Archaeological finds in Jordan’s Black Desert show that humans used stone ovens to bake bread 14,400 years ago.
Researchers have discovered the charred remains of a flatbread baked by hunter-gatherers 14,400 years ago. It is the oldest direct evidence of bread found to date, predating the advent of agriculture by at least 4,000 years.
Twenty-four bread-like discoveries were found in two fireplaces in a Natufian hunter-gatherer site known as Shubayqa 1.
The findings in 2018 suggest that bread production based on wild cereals may have encouraged hunter-gatherers to cultivate cereals, and thus contributed to the agricultural revolution in the Neolithic period.
Who knows? Making fresh bread from opportunistically collected wild grains was really hard, but maybe the innovation smelled so good that the people invented agriculture.
Microscopic analysis of the fireplace finds showed the locals used about 95 different plants, mostly a bulrush that produces edible roots, shoots, and “nutlets”. They also found barley, oats, and wheat. However, whether or not these ancient people in the Levant, the Natufians, deliberately grew and nurtured the grains or opportunistically collected edible weeds is not clear.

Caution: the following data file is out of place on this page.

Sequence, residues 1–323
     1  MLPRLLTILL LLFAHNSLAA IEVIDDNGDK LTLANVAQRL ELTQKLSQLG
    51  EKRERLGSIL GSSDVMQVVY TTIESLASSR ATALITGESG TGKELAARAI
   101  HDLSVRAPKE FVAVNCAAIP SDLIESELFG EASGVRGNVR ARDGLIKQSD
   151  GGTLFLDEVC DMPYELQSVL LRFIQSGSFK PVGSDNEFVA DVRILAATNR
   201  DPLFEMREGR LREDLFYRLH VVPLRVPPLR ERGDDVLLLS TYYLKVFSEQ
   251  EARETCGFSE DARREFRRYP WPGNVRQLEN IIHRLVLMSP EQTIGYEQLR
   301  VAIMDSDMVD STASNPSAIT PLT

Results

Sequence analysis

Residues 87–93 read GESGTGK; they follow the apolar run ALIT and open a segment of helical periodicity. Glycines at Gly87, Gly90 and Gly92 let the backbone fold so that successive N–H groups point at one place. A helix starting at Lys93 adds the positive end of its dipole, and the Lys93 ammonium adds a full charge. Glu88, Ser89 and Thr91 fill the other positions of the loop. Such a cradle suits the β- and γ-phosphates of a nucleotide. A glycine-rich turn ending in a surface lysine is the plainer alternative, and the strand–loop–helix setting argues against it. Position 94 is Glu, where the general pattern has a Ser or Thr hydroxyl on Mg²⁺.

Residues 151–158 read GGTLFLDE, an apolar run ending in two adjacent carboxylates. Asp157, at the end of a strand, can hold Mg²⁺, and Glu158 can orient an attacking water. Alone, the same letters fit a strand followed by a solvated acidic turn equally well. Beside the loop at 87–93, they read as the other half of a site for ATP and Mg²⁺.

The 24 remains analyzed in this study show that wild ancestors of domesticated cereals such as barley, einkorn, and oat had been ground, sieved, and kneaded prior to cooking. The remains are very similar to unleavened flatbreads identified at several Neolithic and Roman sites in Europe and Turkey. The charred remains in Jordan are the first direct evidence that bread production preceded agriculture.
In addition to bread, materials such as wild mustard seeds, some animal bones, and three different types of cheese were discovered in the region.
For a really ancient meal, then the ideal companion to the Oldest bread is the Oldest cheese.
The oldest residue of solid cheese is 3,200 years old, dating back to the 13th century BC. It was found in the tomb for Ptahmes, the mayor of the ancient city of Memphis in Egypt.